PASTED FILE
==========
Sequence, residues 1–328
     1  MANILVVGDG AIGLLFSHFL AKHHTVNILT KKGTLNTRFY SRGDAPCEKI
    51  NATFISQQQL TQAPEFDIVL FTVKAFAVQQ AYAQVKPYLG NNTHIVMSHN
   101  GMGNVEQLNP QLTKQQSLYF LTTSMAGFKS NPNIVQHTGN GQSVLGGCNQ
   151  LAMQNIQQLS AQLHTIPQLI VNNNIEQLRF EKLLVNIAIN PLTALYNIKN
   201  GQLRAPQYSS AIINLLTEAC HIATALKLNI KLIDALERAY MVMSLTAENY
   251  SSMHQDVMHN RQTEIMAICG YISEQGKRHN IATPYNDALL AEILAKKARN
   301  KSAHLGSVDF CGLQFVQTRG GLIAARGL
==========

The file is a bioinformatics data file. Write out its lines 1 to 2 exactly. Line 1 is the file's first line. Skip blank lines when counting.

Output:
Sequence, residues 1–328
     1  MANILVVGDG AIGLLFSHFL AKHHTVNILT KKGTLNTRFY SRGDAPCEKI